Example A layer of low acetyl cellulose acetate (32% acetyl) was formed on a conventional metal casting band by spreading a solution of the cellulose acetate in a solvent mixture of methylene chloride and methanol in the ratio of 9:1 and drying. A 15% solution of ethyl cellulose in methanol was then cast on the dried cellulose ester layer by spreading a number of thin layers of the solution on the cellulose acetate layer, one on top of the other, until a barrier layer of ethyl cellulose approximating 70 mi in thickness was formed. A dope containing 15 by weight of ethyl cellulose and .6% by weight of potassium hydroxide in methanol was then spread on the ethyl cellulose barrier layer and allowed to permeate therethrough and react with the surface of the cellulose acetate. After the reaction has progressed to the desired depth, the outer layer and barrier layer of ethyl cellulose were stripped from the cellulose acetate layer exposing a mirror-like surface of saponified cellulose acetate free of flaws and of uniform properties throughout its area.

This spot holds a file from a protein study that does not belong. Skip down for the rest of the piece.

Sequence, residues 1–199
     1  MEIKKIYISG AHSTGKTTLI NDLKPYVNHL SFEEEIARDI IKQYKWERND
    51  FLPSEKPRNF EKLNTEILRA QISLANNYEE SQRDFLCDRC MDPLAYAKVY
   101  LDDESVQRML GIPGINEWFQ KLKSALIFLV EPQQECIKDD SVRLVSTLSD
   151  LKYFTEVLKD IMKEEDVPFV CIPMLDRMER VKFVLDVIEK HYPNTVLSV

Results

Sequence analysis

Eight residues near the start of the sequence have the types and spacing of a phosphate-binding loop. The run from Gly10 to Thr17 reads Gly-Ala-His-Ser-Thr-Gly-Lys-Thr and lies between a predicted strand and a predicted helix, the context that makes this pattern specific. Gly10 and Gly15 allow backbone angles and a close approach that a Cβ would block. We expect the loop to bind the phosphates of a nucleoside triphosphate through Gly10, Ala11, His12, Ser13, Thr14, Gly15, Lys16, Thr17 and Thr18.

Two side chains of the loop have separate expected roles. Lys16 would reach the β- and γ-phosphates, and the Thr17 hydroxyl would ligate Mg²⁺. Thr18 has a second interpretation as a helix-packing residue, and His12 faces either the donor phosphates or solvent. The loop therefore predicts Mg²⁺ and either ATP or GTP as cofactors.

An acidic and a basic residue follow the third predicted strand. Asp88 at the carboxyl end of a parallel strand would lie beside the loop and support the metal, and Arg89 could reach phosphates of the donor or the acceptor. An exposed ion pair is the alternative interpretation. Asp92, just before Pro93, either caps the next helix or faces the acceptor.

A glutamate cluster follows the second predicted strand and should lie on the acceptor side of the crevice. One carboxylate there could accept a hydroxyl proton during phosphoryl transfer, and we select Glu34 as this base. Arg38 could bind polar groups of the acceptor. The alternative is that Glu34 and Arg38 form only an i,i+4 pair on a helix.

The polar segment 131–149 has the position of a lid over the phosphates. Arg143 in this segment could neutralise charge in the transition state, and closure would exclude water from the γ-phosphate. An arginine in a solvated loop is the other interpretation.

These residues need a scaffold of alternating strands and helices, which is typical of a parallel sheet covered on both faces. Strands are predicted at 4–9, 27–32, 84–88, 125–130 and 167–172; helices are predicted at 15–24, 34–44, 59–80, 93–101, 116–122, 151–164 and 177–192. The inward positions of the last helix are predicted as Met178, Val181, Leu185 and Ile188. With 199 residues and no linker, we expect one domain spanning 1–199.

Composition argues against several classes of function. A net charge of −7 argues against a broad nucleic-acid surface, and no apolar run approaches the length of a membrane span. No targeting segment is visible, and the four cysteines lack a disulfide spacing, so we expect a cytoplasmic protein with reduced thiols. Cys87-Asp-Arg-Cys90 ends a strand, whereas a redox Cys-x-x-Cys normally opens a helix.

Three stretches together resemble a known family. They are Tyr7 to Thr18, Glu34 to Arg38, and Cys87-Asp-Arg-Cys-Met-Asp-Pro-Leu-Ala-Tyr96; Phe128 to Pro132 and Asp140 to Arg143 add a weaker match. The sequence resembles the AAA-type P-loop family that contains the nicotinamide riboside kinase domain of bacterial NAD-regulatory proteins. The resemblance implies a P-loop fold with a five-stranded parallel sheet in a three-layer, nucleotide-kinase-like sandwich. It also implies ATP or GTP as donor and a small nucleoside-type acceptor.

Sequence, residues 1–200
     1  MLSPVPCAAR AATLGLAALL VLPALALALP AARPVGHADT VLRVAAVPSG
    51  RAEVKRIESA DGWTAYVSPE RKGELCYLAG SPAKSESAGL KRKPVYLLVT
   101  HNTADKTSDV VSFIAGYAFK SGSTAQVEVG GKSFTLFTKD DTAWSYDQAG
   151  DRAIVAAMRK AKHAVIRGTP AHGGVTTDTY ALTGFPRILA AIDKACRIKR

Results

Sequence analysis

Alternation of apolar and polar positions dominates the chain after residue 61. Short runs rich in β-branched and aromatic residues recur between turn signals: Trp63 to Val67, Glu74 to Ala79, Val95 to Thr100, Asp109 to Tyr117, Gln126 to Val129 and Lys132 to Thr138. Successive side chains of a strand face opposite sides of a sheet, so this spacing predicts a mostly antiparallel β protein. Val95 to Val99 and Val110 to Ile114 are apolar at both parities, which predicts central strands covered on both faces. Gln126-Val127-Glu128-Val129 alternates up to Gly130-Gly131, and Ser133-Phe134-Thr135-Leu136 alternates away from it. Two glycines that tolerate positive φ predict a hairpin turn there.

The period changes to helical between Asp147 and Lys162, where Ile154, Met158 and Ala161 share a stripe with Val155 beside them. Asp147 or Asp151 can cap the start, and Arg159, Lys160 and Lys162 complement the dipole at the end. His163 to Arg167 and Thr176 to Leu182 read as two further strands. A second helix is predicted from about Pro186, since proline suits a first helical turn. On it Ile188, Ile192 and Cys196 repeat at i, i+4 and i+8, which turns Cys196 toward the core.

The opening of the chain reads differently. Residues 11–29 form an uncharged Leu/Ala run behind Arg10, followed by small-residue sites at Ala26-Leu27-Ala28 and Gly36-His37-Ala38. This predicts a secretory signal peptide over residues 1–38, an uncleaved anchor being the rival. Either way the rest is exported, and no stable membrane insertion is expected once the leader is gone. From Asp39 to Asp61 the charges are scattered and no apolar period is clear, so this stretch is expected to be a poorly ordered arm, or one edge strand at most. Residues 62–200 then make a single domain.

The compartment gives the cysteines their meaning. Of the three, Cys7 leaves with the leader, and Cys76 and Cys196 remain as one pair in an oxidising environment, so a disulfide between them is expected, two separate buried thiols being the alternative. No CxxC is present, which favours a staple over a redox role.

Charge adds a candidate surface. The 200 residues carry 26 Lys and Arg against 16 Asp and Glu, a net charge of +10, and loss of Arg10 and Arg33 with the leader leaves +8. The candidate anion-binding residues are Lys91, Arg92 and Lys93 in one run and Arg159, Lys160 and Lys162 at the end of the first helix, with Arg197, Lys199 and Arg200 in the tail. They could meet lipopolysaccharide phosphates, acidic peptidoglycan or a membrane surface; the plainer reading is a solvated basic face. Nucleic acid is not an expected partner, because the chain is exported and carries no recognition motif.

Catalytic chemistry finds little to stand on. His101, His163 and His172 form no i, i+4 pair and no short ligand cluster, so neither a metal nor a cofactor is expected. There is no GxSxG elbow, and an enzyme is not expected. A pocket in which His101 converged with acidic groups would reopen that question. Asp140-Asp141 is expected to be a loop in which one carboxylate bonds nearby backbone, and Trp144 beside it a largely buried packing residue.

It is to be understood that the foregoing detailed de scription is given merely by way of illustration and that many modifications may be made therein within the scope of the appended claims.
1. A process for chemically modifying the surface of a layer of organic plastic material, casting a solution of an organic plastic material in a volatile solvent on a supporting surface and drying to form a layer of said plastic material on said surface, forming a barrier layer on the layer of the organic plastic material by casting a solution comprising a lower alkyl cellulose ether dissolved in a volatile organic solvent which does not attack the first-mentioned organic plastic material, and drying to produce a uniform layer on said layer of plastic material, flowing a film-forming solution comprising an organic plastic material dissolved in a volatile organic solvent which does not attack the first mentioned organic plastic material and containing a reagent capable of chemically reacting with the first mentioned organic plastic material but inert to the second mentioned organic plastic material onto the barrier layer, whereby the said reagent permeates through the barrier layer and reacts with the first mentioned plastic material at the surface thereof and thereafter stripping from said first layer the layers cast thereover.